But it really doesn't need to be a class. There will only ever be one BOM manager so why do I need to instantiate this guy.
Similarily the retailer classes need to be instantiated but they are all singletons too because we are only ever in one country at a time
From the start of this project I wanted to make sure that I had a lot of automated tests. I have worked on projects with few to no tests and this was a way to vent my frustration. " With my project I will do this right from the start"
So I chose a test framework and wrote some simple unit tests for my classes, made sure they all constructed alright and threw the right error when you gave them stupid inputs
But that's where the straight-forward tests really ended already. Those tests you saw in the previous slide were all the proper unit tests I was able to write.
Nevertheless I do have this barrage of tests that goes through every possible country of every possible retailer and makes sure the main operations behave as expecting when adding good data and also bad data
The rest of the application is so heavily network dependant, what this application does is interact with a website after all, that it is very hard to get a pass-or-fail out of a test.
The requests can time out, or be denied simply because you are sending too many at once, or is some instances because the site doesn't like some of the cookies you have set
The suite does need to be massaged a bit before you can reach a conclusion as to whether something is broken or not
So the GUI is actually just a webpage, that's how modern browswer extensions work. It's all HTML/CSS and JS
I didn't use an UI libraries like JQuery because I felt the DOM selection methods I had were adequate to do what I wanted to do
I use chrome features as much as possible, it gave me an easy way to create notifications and that little OK badge you see up top is a little chrome.runtime API, so i didn't have to mess with the icons too much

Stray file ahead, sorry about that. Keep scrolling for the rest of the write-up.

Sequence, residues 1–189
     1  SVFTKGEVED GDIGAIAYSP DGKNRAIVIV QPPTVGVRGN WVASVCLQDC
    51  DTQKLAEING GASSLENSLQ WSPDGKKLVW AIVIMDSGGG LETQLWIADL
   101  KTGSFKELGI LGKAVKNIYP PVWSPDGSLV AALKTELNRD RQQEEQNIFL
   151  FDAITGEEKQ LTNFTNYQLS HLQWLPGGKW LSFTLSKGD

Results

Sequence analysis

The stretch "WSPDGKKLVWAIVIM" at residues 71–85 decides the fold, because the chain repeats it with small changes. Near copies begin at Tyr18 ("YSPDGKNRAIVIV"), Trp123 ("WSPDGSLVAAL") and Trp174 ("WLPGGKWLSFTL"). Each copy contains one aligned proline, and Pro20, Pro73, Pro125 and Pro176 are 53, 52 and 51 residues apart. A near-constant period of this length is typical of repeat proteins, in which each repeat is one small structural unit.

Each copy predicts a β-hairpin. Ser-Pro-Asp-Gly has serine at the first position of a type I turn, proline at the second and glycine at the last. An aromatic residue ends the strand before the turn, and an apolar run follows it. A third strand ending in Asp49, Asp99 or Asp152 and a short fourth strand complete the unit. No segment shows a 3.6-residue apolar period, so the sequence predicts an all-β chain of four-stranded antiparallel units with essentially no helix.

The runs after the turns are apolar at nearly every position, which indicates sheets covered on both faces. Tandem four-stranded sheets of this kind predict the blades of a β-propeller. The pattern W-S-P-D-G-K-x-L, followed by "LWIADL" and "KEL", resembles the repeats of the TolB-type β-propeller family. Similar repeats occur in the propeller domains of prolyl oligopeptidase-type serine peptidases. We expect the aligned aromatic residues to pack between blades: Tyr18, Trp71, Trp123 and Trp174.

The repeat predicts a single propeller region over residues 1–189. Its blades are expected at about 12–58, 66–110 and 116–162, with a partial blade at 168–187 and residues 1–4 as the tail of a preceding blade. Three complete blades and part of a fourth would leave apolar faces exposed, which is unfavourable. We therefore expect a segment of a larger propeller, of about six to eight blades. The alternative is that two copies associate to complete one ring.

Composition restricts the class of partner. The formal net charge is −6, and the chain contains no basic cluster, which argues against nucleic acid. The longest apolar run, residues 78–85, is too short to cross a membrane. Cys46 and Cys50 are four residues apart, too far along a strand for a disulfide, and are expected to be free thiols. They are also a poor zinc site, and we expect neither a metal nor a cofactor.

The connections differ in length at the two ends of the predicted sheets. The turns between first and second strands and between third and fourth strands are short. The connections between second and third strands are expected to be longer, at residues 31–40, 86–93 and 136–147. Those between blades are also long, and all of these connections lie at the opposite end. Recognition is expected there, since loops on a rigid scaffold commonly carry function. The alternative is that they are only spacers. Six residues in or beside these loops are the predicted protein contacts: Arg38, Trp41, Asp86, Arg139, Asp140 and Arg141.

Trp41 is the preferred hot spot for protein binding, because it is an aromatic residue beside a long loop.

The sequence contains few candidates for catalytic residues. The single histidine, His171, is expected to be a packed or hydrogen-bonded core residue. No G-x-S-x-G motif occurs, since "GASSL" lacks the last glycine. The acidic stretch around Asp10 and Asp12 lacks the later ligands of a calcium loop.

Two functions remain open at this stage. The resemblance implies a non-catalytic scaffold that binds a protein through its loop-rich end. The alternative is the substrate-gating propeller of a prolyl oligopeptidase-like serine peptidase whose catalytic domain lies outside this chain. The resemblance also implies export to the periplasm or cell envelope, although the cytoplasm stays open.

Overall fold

So what are my plans for this little tool?
First off let's see where it is currently
As mentioned before it's chrome only for now
It's on the chrome store and there are always about 200 people in the last week that opened their browser with the extension installed
As mentioned, a Firefox version is planned and that will be the 0.2 release
I don't think the port is super important to the users at this point, if you want to buy components you could just open chrome for this task, you likely don't do it that often unless you work in a purchasing department or something
There is a whole road-map online and you can check that if you want more details but the features I am most excited about are
Allowing multiple retailers per item and letting the user select their preferred retailers
This would essentially, if you had a complete set of components across retailers in your BOM allow you to publish that and let anyone add it to their prefferred retailer for easy order. You could combine that with a link to a low-cost PCB manufacturer and you are essentially got an order a kit button on your site, but you don't have to lift a finger
Even further down the road it would be good to be able to generate the "complete" BOMs from a simple BOM and allow you to minimize the cost for your order as well